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In This Issue of JAMA
November 27, 2013

Highlights

JAMA. 2013;310(20):2121-2123. doi:10.1001/jama.2013.5429
Research

Micronutrient deficiencies are common early in human immunodeficiency virus (HIV) infection and are associated with accelerated disease progression. Baum and colleagues examined the effect of daily oral micronutrient supplementation (B vitamins, vitamins C and E [multivitamin]; selenium alone; or multivitamin plus selenium) compared with placebo on disease progression in a randomized trial that enrolled 878 Botswana adults who were antiretroviral therapy (ART) naive. The authors report that participants who received the combined multivitamin plus selenium supplement had a reduced risk of immune system decline, morbidity, and disease progression compared with participants who received placebo.

Author Video Interview, Continuing Medical Education

Resistance or intolerance to therapy is common in children with Crohn disease, and few studies have evaluated new drugs for refractory disease in children. In a randomized trial that enrolled 56 children aged 2 to 18 years with refractory Crohn disease, Lazzerini and colleagues found that compared with placebo, use of thalidomide—a drug with immunomodulatory properties—resulted in improved clinical remission at 8 weeks of treatment and longer-term maintenance of remission during open-label follow-up.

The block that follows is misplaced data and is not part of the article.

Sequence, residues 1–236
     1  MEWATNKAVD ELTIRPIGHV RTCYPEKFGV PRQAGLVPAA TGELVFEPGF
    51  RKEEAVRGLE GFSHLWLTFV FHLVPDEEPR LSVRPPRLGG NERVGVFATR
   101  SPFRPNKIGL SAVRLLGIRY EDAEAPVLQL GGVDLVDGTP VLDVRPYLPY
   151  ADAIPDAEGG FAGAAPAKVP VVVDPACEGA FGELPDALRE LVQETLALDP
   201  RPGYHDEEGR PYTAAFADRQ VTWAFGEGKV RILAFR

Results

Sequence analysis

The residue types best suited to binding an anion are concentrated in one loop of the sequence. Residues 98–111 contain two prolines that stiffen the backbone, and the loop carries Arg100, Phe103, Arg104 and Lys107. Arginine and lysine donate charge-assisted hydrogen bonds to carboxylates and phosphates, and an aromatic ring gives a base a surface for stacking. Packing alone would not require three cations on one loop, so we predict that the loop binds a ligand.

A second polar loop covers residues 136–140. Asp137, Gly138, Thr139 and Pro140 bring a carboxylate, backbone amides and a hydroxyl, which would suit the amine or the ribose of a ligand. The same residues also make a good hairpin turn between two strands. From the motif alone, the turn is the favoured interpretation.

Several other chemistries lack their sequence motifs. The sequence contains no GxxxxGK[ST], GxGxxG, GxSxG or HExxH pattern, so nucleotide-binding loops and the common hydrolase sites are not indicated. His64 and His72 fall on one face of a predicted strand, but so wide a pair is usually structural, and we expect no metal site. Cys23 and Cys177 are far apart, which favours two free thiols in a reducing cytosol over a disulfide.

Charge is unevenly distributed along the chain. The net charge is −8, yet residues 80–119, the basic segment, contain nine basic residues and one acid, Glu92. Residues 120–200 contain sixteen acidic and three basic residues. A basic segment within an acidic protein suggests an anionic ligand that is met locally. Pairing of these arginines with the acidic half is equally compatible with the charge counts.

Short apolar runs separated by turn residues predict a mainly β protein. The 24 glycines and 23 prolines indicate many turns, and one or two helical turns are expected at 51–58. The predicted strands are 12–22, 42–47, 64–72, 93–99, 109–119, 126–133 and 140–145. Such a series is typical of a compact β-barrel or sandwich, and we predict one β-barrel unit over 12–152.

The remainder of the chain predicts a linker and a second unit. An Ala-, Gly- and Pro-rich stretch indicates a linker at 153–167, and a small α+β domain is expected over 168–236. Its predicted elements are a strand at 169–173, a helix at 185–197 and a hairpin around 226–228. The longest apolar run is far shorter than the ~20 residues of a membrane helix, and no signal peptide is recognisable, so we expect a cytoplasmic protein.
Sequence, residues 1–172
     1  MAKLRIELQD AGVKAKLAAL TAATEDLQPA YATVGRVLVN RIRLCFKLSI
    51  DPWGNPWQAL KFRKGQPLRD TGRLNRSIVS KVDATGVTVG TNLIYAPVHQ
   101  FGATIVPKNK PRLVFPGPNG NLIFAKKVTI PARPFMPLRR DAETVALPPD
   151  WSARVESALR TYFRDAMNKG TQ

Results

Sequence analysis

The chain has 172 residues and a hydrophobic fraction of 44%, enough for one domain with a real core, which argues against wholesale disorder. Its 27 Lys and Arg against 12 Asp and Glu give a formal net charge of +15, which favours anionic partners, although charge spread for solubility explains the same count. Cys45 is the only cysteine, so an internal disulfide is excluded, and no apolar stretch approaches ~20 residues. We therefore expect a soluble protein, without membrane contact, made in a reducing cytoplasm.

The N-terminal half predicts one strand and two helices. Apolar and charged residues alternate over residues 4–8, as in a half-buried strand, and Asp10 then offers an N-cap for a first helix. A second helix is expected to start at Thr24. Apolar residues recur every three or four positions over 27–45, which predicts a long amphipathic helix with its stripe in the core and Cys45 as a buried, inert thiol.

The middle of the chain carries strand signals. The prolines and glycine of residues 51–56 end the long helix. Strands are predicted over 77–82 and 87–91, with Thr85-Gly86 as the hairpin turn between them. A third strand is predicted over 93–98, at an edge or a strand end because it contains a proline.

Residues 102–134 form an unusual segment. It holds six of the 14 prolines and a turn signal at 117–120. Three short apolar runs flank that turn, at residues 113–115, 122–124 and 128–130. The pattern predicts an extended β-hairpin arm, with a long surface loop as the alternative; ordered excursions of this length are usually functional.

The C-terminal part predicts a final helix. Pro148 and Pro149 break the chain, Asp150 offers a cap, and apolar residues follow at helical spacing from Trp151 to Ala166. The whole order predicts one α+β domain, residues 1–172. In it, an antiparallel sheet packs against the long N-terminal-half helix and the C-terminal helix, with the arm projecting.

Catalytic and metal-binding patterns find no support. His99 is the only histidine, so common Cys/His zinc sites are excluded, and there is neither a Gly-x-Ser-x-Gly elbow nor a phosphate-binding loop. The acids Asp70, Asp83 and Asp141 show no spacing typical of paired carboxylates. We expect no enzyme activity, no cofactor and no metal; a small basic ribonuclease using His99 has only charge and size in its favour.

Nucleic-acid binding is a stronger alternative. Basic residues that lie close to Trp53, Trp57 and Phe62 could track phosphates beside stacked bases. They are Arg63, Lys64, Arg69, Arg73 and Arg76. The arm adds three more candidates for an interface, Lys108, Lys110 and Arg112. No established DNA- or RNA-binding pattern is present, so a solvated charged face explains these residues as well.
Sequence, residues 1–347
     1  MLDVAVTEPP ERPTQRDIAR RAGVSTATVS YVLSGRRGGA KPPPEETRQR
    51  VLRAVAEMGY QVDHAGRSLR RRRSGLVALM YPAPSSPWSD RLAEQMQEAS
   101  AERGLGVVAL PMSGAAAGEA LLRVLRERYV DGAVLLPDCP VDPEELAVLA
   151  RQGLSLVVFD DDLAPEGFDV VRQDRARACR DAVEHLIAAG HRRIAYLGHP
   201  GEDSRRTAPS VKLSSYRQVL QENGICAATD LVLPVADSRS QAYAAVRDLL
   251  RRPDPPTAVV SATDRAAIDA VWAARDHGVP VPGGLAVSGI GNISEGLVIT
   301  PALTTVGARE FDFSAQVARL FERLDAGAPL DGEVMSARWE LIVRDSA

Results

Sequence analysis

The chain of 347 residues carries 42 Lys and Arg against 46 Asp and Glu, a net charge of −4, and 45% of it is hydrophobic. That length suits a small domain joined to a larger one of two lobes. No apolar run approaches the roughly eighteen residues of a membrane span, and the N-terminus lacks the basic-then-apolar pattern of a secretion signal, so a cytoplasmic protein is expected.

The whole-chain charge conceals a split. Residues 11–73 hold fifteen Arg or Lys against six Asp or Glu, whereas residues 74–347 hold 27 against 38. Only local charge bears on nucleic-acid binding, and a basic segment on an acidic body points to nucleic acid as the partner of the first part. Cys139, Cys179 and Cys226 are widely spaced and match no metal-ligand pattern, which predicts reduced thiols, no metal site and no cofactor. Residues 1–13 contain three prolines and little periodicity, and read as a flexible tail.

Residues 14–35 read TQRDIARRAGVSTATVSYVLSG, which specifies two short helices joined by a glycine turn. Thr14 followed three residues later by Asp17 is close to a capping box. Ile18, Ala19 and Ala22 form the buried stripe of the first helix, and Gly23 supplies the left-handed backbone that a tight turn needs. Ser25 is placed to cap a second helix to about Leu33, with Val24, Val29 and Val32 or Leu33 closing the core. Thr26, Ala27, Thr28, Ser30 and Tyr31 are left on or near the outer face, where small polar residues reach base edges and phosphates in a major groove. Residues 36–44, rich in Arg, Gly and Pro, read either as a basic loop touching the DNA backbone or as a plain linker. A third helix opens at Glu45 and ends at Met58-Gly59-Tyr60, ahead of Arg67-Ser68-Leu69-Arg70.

Induced hypothermia is beneficial in global cerebral hypoxemia and associated with favorable effects in animal models of meningitis. In a multicenter randomized trial that enrolled 98 comatose adults with bacterial meningitis, Mourvillier and colleagues assessed the effect of induced hypothermia (cooling to 32°C to 34°C for 48 hours) vs standard care on patient outcome. The trial was stopped early because of excess mortality in the hypothermia group. The authors report that therapeutic hypothermia did not improve outcomes in patients with severe bacterial meningitis.

An association between fluoroquinolone use and increased risk of retinal detachment has been reported. To further explore this association, Pasternak and colleagues analyzed linked Danish health care and administrative registry data (1997-2011) representing nearly 749 000 episodes of fluoroquinolone use and more than 5.5 million episodes of nonuse (controls). The authors found no increased risk of retinal detachment among individuals who used fluoroquinolones compared with those who did not. In an Editorial, Brett discusses the challenge of reconciling conflicting findings from observational studies.

Related Editorial

Clinical Review & Education

The World Medical Association Declaration of Helsinki, first published 50 years ago, specifies ethical principles for medical research involving human subjects. The seventh revision of the Declaration is published in this issue. Two Viewpoints highlight key revisions, including compensation and treatment for research-related injuries, and the dissemination of research results and discuss the remaining challenges relating to informed consent, research posing net risks, and research in poor communities.

Related Viewpoint 1, 2

A 57-year-old woman who received bisphosphonate therapy for treatment of metastatic renal carcinoma reports discomfort and an open sore around the teeth in her lower jaw. On examination, the teeth are mobile and an area of mandibular bone is exposed. What would you do next?

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